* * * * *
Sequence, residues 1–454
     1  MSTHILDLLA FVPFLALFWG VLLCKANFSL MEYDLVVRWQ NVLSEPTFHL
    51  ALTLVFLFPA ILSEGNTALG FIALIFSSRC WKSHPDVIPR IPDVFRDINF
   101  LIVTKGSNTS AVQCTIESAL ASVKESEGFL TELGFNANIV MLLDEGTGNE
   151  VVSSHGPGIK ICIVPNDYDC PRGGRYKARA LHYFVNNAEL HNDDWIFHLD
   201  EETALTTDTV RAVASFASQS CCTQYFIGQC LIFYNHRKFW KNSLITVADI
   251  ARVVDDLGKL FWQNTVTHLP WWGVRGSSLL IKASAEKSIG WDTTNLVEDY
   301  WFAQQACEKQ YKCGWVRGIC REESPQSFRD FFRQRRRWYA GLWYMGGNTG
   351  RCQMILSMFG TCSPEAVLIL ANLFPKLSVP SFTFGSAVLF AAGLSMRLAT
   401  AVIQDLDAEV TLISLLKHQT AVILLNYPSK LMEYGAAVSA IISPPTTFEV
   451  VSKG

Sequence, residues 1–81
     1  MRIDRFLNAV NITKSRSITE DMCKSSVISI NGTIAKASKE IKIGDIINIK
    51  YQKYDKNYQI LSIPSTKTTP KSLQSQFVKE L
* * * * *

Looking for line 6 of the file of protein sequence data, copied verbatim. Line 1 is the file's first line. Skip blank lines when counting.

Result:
   201  EETALTTDTV RAVASFASQS CCTQYFIGQC LIFYNHRKFW KNSLITVADI